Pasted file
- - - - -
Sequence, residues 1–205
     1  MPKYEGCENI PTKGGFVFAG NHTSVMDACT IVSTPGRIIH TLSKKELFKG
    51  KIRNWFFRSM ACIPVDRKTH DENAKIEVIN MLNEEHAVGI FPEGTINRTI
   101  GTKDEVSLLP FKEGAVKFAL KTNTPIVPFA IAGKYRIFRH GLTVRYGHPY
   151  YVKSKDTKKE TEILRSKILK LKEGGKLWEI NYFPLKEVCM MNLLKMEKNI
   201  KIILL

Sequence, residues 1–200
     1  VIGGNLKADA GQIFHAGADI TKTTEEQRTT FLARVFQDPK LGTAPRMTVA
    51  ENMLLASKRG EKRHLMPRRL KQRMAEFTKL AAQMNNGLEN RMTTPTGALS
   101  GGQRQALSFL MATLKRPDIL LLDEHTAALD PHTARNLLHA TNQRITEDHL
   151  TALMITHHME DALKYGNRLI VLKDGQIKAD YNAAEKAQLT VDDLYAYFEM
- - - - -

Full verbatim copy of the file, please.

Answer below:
Sequence, residues 1–205
     1  MPKYEGCENI PTKGGFVFAG NHTSVMDACT IVSTPGRIIH TLSKKELFKG
    51  KIRNWFFRSM ACIPVDRKTH DENAKIEVIN MLNEEHAVGI FPEGTINRTI
   101  GTKDEVSLLP FKEGAVKFAL KTNTPIVPFA IAGKYRIFRH GLTVRYGHPY
   151  YVKSKDTKKE TEILRSKILK LKEGGKLWEI NYFPLKEVCM MNLLKMEKNI
   201  KIILL

Sequence, residues 1–200
     1  VIGGNLKADA GQIFHAGADI TKTTEEQRTT FLARVFQDPK LGTAPRMTVA
    51  ENMLLASKRG EKRHLMPRRL KQRMAEFTKL AAQMNNGLEN RMTTPTGALS
   101  GGQRQALSFL MATLKRPDIL LLDEHTAALD PHTARNLLHA TNQRITEDHL
   151  TALMITHHME DALKYGNRLI VLKDGQIKAD YNAAEKAQLT VDDLYAYFEM